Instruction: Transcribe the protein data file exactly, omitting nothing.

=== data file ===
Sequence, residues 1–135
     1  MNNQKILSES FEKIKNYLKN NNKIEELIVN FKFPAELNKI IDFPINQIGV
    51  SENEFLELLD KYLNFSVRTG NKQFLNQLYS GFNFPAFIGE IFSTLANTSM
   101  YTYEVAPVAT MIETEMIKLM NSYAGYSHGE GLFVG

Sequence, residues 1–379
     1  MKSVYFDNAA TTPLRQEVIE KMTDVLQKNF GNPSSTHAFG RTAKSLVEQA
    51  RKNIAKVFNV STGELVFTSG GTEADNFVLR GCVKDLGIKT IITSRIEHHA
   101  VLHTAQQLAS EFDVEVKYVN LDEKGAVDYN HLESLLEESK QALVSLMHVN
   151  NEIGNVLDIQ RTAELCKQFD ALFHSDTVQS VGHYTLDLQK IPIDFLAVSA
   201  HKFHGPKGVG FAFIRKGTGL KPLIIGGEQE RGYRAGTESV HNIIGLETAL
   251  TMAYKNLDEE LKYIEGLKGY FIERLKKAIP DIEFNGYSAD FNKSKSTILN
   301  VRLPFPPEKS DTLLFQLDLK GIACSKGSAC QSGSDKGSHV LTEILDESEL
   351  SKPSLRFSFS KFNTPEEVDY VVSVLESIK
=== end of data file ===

Sequence, residues 1–135
     1  MNNQKILSES FEKIKNYLKN NNKIEELIVN FKFPAELNKI IDFPINQIGV
    51  SENEFLELLD KYLNFSVRTG NKQFLNQLYS GFNFPAFIGE IFSTLANTSM
   101  YTYEVAPVAT MIETEMIKLM NSYAGYSHGE GLFVG

Sequence, residues 1–379
     1  MKSVYFDNAA TTPLRQEVIE KMTDVLQKNF GNPSSTHAFG RTAKSLVEQA
    51  RKNIAKVFNV STGELVFTSG GTEADNFVLR GCVKDLGIKT IITSRIEHHA
   101  VLHTAQQLAS EFDVEVKYVN LDEKGAVDYN HLESLLEESK QALVSLMHVN
   151  NEIGNVLDIQ RTAELCKQFD ALFHSDTVQS VGHYTLDLQK IPIDFLAVSA
   201  HKFHGPKGVG FAFIRKGTGL KPLIIGGEQE RGYRAGTESV HNIIGLETAL
   251  TMAYKNLDEE LKYIEGLKGY FIERLKKAIP DIEFNGYSAD FNKSKSTILN
   301  VRLPFPPEKS DTLLFQLDLK GIACSKGSAC QSGSDKGSHV LTEILDESEL
   351  SKPSLRFSFS KFNTPEEVDY VVSVLESIK